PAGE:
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Entertainment | Reviews

Review: The Cripple of Inishmaan, Noel Coward Theatre

THE CRIPPLE OF INISHMAAN
Billy (Daniel Radcliffe) and Helen (Sarah Greene) in The Cripple of Inishmann (Pic: Johan Persson)

The Cripple of Inishmaan
Noel Coward Theatre
Until August 31


YOU’VE got to admire Daniel Radcliffe’s willingness to take a risk.

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The 23-year-old could have chosen an easier path pursuing Hollywood dross then setting out to forge a stage career which has seen him play a succession of social outsiders, each offering differing levels of complexity.

The Cripple of Inishmaan, his third stage role, is no exception.

Radcliffe has chosen a lavish revival of London-Irish man Martin McDonagh’s 1996 play as his latest vehicle to step out of the shadows cast by the Harry Potter series.

Here he plays Billy Claven – or ‘Cripple Billy’ as the locals mockingly call him – a 17-year-old orphan with a withered arm and a badly bent leg living on Inishmaan, a remote island off Ireland’s west coast.

It’s 1934 and Billy lives with his mother’s spinster sisters Kate and Eileen Osbourne (a wonderfully mournful double-act of Ingrid Craigie and Gillian Hanna) following the mysterious death of his parents.

His dreary existence consists of reading, “thinking too much” and staring at cows as he longs for any means to escape the constant taunts of the locals.

That motley crew includes gossip-monger Johnnypateenmike (Pat Shortt), soft-hearted fisherman Babbybobby (Padraic Delaney) and feisty teenager Helen McCormick (Sarah Greene), a foul-mouthed and feared girl whom Billy is secretly in love with.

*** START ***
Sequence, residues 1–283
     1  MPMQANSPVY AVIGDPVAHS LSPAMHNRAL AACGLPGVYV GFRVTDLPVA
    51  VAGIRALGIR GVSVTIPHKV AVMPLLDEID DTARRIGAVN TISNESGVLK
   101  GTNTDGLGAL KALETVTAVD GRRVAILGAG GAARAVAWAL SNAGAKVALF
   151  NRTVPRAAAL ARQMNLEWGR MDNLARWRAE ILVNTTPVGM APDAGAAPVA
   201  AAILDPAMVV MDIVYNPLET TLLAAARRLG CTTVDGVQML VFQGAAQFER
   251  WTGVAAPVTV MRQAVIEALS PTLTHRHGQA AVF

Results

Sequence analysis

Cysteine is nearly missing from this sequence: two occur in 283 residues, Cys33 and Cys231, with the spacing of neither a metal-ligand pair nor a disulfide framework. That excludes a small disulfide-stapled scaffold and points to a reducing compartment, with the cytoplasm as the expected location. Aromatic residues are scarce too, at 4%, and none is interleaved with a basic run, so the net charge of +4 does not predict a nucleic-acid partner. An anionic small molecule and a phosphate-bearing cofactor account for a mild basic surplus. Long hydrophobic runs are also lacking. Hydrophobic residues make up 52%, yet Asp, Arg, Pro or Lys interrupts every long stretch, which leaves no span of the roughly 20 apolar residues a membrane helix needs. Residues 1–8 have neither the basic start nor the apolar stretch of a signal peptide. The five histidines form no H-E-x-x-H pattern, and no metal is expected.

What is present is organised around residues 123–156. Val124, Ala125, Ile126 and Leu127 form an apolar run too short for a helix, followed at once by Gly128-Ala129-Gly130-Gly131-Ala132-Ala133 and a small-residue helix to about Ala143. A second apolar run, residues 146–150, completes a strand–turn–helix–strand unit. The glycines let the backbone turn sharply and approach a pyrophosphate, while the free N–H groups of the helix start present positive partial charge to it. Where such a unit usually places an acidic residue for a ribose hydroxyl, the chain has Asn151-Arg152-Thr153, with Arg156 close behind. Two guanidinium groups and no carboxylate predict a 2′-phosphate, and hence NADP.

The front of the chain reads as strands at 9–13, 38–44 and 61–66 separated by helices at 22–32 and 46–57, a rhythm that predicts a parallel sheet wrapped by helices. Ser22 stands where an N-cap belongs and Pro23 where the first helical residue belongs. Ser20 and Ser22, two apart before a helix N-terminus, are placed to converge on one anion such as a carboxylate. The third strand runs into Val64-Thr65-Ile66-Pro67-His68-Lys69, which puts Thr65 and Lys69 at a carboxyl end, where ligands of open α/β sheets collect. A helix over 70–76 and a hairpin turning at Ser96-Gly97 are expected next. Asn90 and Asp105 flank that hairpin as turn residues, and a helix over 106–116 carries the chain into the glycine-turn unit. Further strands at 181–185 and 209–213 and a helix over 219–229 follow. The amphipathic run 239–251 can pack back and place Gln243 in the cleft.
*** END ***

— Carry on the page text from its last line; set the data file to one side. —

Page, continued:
Billy’s chance to escape finally arrives with word that American documentary filmmaker Robert Flaherty has come to the neighbouring island of Inishmore to make his famous, but not entirely authentic, documentary, Man of Aran. Could this be Billy’s chance to breakaway?

McDonagh’s play drips with dark comedy, coarse wit and downright nastiness as he toys with the idea of storytelling and the deception and inauthenticity that stories deliver. To the naked ear his depictions of the locals might be described as ‘stage Irish’ but that is to do McDonagh a disservice.

From the locals’ thoughts of better lives in Hollywood to their derision at their depiction in the Man of Aran, McDonagh plays with the false realities peddled by myth and the myth’s created by his characters in order to further their means.

Although Radcliffe is the marquee attraction, this is very much an ensemble piece with McDonagh creating meaty roles that allow all to sink their teeth into.

Radcliffe – although still carrying Potter baggage – delivers a subtly assured performance that mixes vulnerability and charm but lacks showiness. This is a problem in a play deliberately full of showy characters and Pat Shortt and Belfast’s Conor McNeill will make no apologies for the wonderful manner in which they gnaw into their roles.

Sarah Greene’s Helen, however, is the real standout. A role which any young actress would relish, Greene steals her opening scenes in rip-roaring manner as the brash and fearful teenager who draws many of the play’s opening laughs.

Radcliffe’s accent must also come in for a mention as it no doubt impacts on his ability to concentrate on other aspects of his performance. Although he has nailed the Irish brogue, he veers wildly away from the West with his words meshing together patches of Galway and North Dublin with the odd Northern Irish indentation creeping in.

The play’s greatest pleasure is McDonagh’s dialogue. For a London man born and bred, his ear for an Irish turn of phrase is spot-on and it is his geographical distance by birth that allows him to draw closer to the bone than most of his first-generation Irishmen might like.

Some will find the play’s lack of heart bracing and uncomfortable as the playwright carves out a nasty and rough world, deliberately at odds with our own myth of Ireland’s past. Others will find criticism in the play’s plodding plot with director Michael Grandage’s production, at times, slowing to a crawl.

Regardless, 17 years on McDonagh’s Cripple of Innishmaan remains a twisted work that leaves an aftertaste, regardless of how palatable that might be.

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Steve Cummins
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Steve is the Irish Post's digital media & entertainment editor and looks after the paper's website and weekly entertainment supplement, Rí-Rá. Follow him @steve_cummins

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